I wasn’t sure I firstly wanted to write and secondly to post it, so if you’re seeing this then obviously I did, I’ve said before I wear my heart on my sleeve so others would know what’s happening, good or bad…. I’m writing this a 2.05 am Thursday morning and I’ve just experienced a horrendous 2 hours, because of how great I’ve been feeling especially on Wednesday morning, I was quite shocked, like being on a down escalator but trying desperately to walk up with a 100lb rucksack on my back… Okay I’ll backtrack to Wednesday morning, when Megan my carer came around at 11.30 I told her that I was feeling better than ever, strong, stable physically and mentally. My lunch was a bowl off broccoli and cauliflower with cayenne pepper in a knorr chicken stock cube, it was yummy and so filling. However, minutes, literally minutes after I felt as if all my strength was sucked out of me, getting to the bathroom was a major challenge. Fortunately there was no mishaps, I then asked Megan to get my afternoon supplements and bring them to me once I’d got settled in bed, my thoughts were it would be safer to go rest then at midday rather than wait till she left. I stayed in bed for a few hours and felt good so returned to the living room. She’d made two halves of a pitta bread, gluten free with some fresh sliced beef which I ate at 5.00, then as usual I went back to bed to watch a bit of telly and read. About midnight I settled down to sleep, by the way this is roughly my fourth week of no sleeping pills which I’ve had to take for 25 years. It must have been about half an hour later that the nausea and feelings of needing to get to the bathroom became overwhelming. Trying to sit up was nigh on impossible, if you could have seen me it was laughable but after fifteen minutes I did, I was totally exhausted and my body was drenched in sweat. I couldn’t sit up straight or move my legs even trying to lever them with my arms. I started to wretch and my whole body was convulsing, frightening thinking I was about to have diarrhoea and vomit at the same time, I was so weak and thought I was about to slip off my bed. As I said, the episode lasted about 90 minutes, it’s now 3 am and I feel okay… ish. I think I’ll risk settling down again and hopefully the sweats, weakness and nausea won’t come back.
Thursday morning 8.45 am.
I’m feeling a general weakness but nothing like the frightening spell in the early hours. I did have something similar about 2 years ago but the difference is, and this is so important, I had to stay in bed for 4 days not a matter of hours.


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At one time I thought of myself to be unique, almost in a special way, here I was, not a young man anymore, far from it actually, but still able mentally at least to want to do things, I know that having multiple sclerosis restricts me in everything I do, but in my head although I’m not physically capable now, I honestly believe I will be. As I said, I really thought it was only me that had the belief, the mental strength to force my body to go on, to push through. That was before I started the ABP, during those years I didn’t have a strict but proven outline of what truly works, it was just my stubborn attitude that I was better than the disease. Things are different now, now I’m 6 months into a tried and tested program that works, now it’s not just me saying to myself and others that I will win, now I have a plan. All my life, I like most others simply believed what the so called experts have told us. In my case it was “you have an incurable disease, a disease that will slowly take your life”.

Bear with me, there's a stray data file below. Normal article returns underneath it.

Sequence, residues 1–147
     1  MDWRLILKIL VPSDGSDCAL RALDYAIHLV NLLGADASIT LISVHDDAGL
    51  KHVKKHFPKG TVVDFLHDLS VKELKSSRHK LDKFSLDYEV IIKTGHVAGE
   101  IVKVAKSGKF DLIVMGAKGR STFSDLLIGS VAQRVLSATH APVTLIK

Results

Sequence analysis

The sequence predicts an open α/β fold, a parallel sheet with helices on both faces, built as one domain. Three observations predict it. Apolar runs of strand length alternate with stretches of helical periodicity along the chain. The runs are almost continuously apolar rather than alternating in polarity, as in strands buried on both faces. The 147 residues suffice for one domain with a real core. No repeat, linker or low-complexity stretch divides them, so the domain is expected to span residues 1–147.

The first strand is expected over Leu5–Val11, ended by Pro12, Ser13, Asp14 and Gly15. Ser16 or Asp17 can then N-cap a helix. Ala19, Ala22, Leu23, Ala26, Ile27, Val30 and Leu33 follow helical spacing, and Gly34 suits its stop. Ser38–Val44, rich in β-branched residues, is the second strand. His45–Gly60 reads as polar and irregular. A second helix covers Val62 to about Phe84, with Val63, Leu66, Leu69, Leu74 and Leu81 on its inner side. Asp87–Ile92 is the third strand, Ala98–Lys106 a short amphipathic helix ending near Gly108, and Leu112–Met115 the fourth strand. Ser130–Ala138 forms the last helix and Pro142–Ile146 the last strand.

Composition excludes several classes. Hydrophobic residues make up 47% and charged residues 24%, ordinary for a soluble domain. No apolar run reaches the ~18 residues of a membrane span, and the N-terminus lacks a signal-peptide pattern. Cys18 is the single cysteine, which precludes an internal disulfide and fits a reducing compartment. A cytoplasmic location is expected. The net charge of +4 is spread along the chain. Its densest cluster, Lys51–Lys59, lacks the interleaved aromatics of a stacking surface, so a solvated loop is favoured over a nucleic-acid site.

The disease works on you in two ways, it slowly breaks down your ability to function physically, this obviously affects you mentally which exacerbates the progression of the disease. The worst thing is that 99% of sufferers are conned, yes conned into taking the prescribed medication, a course of drugs that placate the body’s own receptors and fool it into thinking it’s okay. Over a period of time the disease just gets too powerful and the body both physically and mentally has to succumb, leaving you with a body that is incapable of controlled movement.
Fortunately for me I refused to take the drugs even though the neurologist told me I was an idiot and would be in a wheelchair permanently within 6 months, 14 yrs later, no drugs and no wheelchair….. hmmmm.
So back to the ABP and 6 months into what I believe to be a big step to health, it’s a bit like a chart of black to white, moving along from my blackest point I’m no longer in the dark. Looking at my personal journey it’s very much minute changes in the shades of grey, unlike Jamie Doornan there aren’t just 50 shades it’s more like 500 and acknowledging the tiny changes are something others can’t necessarily see but living in my body not only are they significant but so, so good